A dram shop is a type of bar, pub, restaurant, or other commercial establishment that serves alcoholic beverages. The term comes from a “dram,” which is a small amount of distilled liquor. In many states in the US, there are dram shop liability laws that hold a dram shop responsible if it serves alcohol to someone who is already intoxicated and that person goes on to harm themselves or others. For example, if a bar continues serving drinks to a patron who is clearly drunk and that patron then gets in a car accident, the bar can be held legally liable for the subsequent Phoenix personal injury lawsuit under dram shop laws.
Dram Shop Laws in Arizona
In the state of Arizona, bars and restaurants can be held liable for wrongful deaths that occur as a result of serving visibly intoxicated patrons under the state’s dram shop liability laws. These laws allow the families of victims killed by drunk drivers to sue the establishments that unlawfully served the drunk driver when they were clearly already impaired.
Arizona Revised Statute 4-311 stipulates the circumstances under which a licensee – such as a bar, restaurant or liquor store – may be held civilly liable when they provide alcohol to a customer who was obviously intoxicated. The law states that the licensee is not automatically responsible unless the establishment serves a “spirituous liquor” to a customer who is already clearly intoxicated, or allows them to stay on the premises while clearly intoxicated.
If a victim is injured or killed by the drunk customer soon after they leave the premises, the licensee can face legal repercussions. The victim or their family has the right to sue the licensee for wrongful death if it can be proven that the licensee unlawfully served the dangerous levels of alcohol when signs of impairment were evident.
To establish liability on the licensee under Arizona dram shop laws, the plaintiff must conclusively confirm all of the following:
- The licensee sold spirituous liquor to a customer who was obviously intoxicated
- It was reasonably foreseeable that serving liquor to the customer could lead to injury of somebody else
- The wrongful actions of the drunk customer were the main cause of injury or death
- The customer consumed the liquor served by the licensee prior to the injurious act
If a plaintiff is able to substantiate all four of these stipulations, the licensee can be held financially liable for damages that occur due to their unlawful serving.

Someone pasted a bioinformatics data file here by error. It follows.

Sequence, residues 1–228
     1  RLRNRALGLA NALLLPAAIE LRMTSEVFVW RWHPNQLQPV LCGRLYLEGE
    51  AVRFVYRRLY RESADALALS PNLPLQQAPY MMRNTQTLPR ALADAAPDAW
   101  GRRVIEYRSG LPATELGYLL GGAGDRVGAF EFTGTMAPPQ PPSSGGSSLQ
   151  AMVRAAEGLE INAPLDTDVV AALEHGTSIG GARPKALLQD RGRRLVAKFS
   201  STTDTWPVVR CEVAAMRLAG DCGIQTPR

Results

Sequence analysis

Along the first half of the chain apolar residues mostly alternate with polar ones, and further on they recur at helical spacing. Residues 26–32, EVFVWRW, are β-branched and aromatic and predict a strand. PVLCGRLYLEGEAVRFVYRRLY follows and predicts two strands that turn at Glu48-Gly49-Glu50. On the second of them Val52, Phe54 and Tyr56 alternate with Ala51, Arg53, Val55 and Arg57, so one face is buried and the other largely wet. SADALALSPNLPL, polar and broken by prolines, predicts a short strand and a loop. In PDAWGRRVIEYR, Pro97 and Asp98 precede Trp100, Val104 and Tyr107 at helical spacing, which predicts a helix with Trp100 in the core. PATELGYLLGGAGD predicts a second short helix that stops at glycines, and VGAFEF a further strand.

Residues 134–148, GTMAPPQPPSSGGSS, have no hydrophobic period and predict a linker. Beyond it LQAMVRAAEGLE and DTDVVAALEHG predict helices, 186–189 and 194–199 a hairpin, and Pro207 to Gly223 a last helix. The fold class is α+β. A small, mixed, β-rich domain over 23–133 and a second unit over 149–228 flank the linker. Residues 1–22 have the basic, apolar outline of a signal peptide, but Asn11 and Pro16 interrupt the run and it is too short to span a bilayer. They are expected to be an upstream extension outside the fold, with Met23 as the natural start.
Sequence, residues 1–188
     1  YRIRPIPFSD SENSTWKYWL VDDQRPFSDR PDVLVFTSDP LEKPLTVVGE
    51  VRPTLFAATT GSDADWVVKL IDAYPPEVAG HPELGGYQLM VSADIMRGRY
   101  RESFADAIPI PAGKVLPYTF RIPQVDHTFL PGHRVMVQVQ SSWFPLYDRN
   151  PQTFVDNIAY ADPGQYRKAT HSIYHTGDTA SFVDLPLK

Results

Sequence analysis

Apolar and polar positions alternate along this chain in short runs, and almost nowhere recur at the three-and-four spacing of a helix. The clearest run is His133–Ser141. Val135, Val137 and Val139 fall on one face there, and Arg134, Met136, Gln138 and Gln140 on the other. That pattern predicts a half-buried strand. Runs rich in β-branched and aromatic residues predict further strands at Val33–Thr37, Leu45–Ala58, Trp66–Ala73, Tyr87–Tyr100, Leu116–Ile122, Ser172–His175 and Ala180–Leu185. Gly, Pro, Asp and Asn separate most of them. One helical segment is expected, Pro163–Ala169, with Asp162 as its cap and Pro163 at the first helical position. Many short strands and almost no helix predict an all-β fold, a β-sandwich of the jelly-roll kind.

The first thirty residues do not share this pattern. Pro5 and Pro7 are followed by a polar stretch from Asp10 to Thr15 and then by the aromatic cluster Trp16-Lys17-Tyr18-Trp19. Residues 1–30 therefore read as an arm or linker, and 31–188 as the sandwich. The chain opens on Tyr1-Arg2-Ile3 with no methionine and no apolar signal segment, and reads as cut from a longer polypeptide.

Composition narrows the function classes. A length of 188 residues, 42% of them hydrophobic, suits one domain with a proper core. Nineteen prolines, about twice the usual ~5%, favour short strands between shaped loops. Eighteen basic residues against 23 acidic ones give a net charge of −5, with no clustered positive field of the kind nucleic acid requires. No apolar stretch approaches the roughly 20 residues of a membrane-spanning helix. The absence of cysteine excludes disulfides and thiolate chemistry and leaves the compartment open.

Damages That Can Be Claimed
There are several categories of damages that the family members of a victim killed by a drunk driver served illegally may be able to claim from the liable licensee under Arizona laws:
- Loss of companionship, support and grief suffered by any statutory beneficiary such as a spouse, child or parent
- Pain, grief, sorrow, stress, shock and mental suffering experienced by the victim’s survivors
- Medical and funeral expenses related to the wrongful death
- Loss of the victim’s services, earnings, income production and financial support
Punitive damage awards can also imposed on top of compensatory damages against the licensee to punish unlawful behavior and prevent future cases.
Defenses by the Licensee
There are certain legal defenses that can protect Arizona bars, liquor stores and restaurants from dram shop liability if raised successfully:
- Questioning whether the customer who caused injury was truly “obviously intoxicated” under the law’s definitions when last served alcohol
- Arguing that the actions of the drunk customer were not reasonably foreseeable, even if they were impaired
- Asserting that more liquor consumed after leaving or an unrelated factor actually caused the injury or death
- Highlighting any comparative negligence by other parties involved besides the licensee
Licensees often vigorously claim that there was no violation of serving standards, but juries have substantial discretion in interpreting “obvious” intoxication. Establishments can still be deemed liable for serving customers who displayed gray area signs of impairment like slurred speech which should have indicated over-consumption.
Dram shop liability laws in Arizona allow plaintiffs to take legal action against liquor license-holding businesses for wrongful deaths associated with over-serving patrons. Bars and restaurants can be held financially accountable for unlawful serving decisions that result in fatal drunk driving accidents. However, defenses based on casting doubt on violations of serving standards are available. The possibility of expensive lawsuits and damages awards motivate many establishments to thoroughly train staff in responsible serving to intoxication. Adherence to lawful serving policies remains crucial for Arizona liquor sellers seeking to avoid the extensive civil liability associated with dram shop laws.
Monge & Associates has offices in 32 locations and 19 states, including Arizona, Alabama, and Colorado. Call now for a free consultation on (888) 477-0597 if you want to file a wrongful death lawsuit.